Our mission is to become a worldwide reference for education in the field for all professionals involved in the process to disseminate knowledge & skills of Acute Cardiovascular Care.
Our mission is to promote excellence in clinical diagnosis, research, technical development, and education in cardiovascular imaging in Europe.
Our mission is to promote excellence in research, practice, education and policy in cardiovascular health, primary and secondary prevention.
Our mission is to reduce the burden of cardiovascular disease through percutaneous cardiovascular interventions.
Improving the quality of life and reducing sudden cardiac death by limiting the impact of heart rhythm disturbances.
Our mission is to improve quality of life and longevity, through better prevention, diagnosis and treatment of heart failure, including the establishment of networks for its management, education and research.
The ESC Working Groups' goal is to stimulate and disseminate scientific knowledge in different fields of cardiology.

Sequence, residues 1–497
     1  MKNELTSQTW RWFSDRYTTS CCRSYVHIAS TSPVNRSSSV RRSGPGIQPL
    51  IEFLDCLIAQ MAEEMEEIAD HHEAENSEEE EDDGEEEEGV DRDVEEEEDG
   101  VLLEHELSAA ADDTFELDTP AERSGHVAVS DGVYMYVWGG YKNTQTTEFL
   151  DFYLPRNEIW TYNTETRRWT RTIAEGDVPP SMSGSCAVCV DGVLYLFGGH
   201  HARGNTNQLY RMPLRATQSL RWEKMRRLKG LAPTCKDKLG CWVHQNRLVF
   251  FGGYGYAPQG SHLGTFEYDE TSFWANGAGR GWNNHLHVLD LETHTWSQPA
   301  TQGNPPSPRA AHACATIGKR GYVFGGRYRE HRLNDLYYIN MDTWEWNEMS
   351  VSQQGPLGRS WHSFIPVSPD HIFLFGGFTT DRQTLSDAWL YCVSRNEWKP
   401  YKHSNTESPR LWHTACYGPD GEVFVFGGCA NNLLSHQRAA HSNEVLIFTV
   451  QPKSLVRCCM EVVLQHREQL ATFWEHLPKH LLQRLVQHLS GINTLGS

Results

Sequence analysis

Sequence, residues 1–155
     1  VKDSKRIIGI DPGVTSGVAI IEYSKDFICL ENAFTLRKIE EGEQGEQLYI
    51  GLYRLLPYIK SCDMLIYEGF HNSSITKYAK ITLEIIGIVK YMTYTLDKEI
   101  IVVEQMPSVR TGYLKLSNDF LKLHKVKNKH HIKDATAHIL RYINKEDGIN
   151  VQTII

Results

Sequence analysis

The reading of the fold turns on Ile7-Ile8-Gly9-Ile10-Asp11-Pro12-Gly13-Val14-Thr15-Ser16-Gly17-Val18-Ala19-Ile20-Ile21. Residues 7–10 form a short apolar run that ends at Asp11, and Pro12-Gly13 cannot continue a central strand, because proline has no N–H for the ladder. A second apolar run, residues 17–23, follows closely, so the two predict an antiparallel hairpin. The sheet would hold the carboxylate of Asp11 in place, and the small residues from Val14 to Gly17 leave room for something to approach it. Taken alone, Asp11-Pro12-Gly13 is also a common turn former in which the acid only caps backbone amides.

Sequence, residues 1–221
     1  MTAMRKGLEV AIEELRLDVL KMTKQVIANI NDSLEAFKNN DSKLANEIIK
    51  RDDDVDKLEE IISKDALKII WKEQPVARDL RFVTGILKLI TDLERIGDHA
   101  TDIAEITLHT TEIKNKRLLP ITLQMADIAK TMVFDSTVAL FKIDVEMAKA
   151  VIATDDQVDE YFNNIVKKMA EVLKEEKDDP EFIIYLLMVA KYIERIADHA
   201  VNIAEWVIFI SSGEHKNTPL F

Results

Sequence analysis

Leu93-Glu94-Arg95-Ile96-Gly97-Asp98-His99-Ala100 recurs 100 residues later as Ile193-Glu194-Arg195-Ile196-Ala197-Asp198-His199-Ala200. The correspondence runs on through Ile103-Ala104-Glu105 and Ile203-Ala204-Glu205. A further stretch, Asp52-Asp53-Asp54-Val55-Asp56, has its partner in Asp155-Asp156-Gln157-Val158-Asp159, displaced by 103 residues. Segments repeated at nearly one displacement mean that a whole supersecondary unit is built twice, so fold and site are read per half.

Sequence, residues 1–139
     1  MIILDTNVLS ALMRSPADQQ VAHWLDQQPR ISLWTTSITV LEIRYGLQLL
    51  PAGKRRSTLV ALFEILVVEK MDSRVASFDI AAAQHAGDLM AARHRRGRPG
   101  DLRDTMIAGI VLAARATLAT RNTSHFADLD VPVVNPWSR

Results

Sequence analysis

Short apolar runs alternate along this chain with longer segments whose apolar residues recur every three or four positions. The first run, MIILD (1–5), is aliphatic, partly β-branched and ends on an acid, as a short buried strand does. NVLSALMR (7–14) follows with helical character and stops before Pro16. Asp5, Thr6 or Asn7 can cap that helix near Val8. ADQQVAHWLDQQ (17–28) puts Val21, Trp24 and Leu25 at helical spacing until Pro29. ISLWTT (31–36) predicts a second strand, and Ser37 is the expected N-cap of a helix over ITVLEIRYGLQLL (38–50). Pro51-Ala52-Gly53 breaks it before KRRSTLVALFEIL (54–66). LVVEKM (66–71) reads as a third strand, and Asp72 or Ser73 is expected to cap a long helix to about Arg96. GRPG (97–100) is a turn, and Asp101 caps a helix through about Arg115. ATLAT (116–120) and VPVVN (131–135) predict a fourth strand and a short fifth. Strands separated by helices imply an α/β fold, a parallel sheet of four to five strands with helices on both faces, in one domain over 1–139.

The ESC Councils' goal is to share knowledge among medical professionals practising in specific cardiology domains.
OUR MISSION: TO REDUCE THE BURDEN OF CARDIOVASCULAR DISEASE
Dr. Erik Ekker Solberg,
Warning symptoms and family history in children and young adults with sudden cardiac arrest. J.A. Drezner et al.J Am Board Fam Med July-August 2012 vol. 25 no. 4 408-415 2012 Jul;25(4):408-15; doi: 10.3122/jabfm.2012.04.110225
In the debate about screening, ECG has been the primary focus. Additionally, there has been much hope for the future of genetic screening. Even with modern medical advances, it is important not to forget good old fashioned medical tools such as a thorough analysis of symptoms and family history.In this study, warning symptoms and family history of cardiovascular (CV) disease were retrospectively surveyed in 146 families (response rate, n=87, 60 %) with a child or young adult (mean age 16, range [5–29] years) who had suffered sudden cardiac arrest (SCA):
The study was uncontrolled and recall bias must be considered.
Even when taking into account methodological limitations, the study strongly reminds us of the value of a thorough personal and family CV history to prevent SCA.
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